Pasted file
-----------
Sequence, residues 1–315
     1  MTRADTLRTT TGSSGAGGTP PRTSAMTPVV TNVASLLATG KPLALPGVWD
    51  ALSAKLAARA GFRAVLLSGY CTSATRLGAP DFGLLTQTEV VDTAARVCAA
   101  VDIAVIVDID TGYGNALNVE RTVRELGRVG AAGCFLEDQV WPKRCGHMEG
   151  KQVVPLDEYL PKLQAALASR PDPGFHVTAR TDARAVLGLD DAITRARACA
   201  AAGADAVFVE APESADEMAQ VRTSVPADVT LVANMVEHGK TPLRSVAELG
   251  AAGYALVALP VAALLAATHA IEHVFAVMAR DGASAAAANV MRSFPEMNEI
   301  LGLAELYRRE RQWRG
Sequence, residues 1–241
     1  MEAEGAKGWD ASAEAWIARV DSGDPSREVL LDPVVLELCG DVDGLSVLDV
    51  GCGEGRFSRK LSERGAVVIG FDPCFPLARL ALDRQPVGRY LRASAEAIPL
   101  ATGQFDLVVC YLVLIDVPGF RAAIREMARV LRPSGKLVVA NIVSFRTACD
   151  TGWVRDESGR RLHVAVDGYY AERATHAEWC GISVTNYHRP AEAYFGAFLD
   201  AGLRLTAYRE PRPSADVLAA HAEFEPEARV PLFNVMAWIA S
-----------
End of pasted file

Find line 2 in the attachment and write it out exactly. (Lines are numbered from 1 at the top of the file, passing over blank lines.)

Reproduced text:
     1  MTRADTLRTT TGSSGAGGTP PRTSAMTPVV TNVASLLATG KPLALPGVWD